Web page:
Rosai-Dorfman disease, a generally benign entity characterized by sinus histiocytosis with massive lymphadenopathy, was first described by Rosai and Dorfman1in 1969. The disease, which occurs primarily in children and young adults, mostly presents with massive cervical lymphadenopathy (90%), fever, leukocytosis, elevated erythrocyte sedimentation rate, and polyclonal hypergammaglobulinemia.2When it affects nonlymphoid organs, it is classified as extranodal Rosai-Dorfman disease. Extranodal disease occurs in 43% of patients, and 75% of the extranodal lesions appear in the head and neck region.2Orbital involvement, which is characterized by exophthalmos, ptosis, conjunctival injection, diplopia, and dry eyes,3has been reported in 11% of the extranodal cases. Concomitant involvement of the orbit and nasal cavity has been documented in very few reports.4,5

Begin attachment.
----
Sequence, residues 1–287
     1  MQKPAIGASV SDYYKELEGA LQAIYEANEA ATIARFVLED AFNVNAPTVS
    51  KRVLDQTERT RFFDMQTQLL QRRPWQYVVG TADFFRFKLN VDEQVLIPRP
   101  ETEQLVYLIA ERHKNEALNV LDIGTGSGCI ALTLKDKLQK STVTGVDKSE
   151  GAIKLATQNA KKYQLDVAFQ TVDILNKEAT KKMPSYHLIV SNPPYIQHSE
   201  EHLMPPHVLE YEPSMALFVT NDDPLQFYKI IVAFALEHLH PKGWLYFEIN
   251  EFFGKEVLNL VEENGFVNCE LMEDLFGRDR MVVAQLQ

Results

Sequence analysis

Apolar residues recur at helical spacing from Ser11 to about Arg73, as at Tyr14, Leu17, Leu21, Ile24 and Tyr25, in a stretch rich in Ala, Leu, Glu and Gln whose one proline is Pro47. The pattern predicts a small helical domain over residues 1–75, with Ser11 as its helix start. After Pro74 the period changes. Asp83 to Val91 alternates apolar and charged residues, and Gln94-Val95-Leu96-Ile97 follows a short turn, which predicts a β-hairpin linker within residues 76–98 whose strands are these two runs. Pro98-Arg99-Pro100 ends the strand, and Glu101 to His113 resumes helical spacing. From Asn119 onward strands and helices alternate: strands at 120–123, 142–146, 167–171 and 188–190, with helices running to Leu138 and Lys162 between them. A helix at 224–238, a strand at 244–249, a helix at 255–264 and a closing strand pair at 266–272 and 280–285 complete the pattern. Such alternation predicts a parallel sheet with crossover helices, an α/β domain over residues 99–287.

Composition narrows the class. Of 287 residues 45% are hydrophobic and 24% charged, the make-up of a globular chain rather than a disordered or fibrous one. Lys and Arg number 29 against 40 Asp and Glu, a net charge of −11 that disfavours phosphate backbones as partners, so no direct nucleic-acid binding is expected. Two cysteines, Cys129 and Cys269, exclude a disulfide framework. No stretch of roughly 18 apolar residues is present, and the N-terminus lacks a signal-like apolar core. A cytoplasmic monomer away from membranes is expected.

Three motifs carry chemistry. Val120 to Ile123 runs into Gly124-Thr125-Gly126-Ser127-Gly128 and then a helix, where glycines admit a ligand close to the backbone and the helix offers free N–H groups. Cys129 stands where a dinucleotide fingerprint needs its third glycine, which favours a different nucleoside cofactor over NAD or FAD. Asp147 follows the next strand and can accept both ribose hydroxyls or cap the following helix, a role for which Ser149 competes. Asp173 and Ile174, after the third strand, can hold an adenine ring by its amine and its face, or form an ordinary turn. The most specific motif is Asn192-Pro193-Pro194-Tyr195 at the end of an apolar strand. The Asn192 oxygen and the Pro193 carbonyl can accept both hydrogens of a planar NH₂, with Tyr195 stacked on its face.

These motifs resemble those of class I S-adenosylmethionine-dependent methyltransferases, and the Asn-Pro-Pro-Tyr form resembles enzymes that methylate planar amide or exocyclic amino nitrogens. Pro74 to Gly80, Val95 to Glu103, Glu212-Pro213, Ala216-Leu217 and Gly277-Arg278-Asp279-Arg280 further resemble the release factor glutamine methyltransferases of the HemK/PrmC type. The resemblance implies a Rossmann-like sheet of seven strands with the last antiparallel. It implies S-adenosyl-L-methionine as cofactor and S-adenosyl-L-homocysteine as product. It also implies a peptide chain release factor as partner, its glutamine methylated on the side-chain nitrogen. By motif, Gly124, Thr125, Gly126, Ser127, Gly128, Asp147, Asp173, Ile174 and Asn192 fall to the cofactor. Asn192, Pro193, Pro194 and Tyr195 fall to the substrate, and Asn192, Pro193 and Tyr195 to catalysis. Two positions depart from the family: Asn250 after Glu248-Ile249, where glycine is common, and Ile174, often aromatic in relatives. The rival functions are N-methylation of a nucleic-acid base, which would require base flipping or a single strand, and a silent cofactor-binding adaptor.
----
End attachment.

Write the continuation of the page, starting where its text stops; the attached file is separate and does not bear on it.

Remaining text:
Radiology Quiz Case 2: Diagnosis. Arch Otolaryngol Head Neck Surg. 2009;135(3):316–319. doi:10.1001/archoto.2008.552-b
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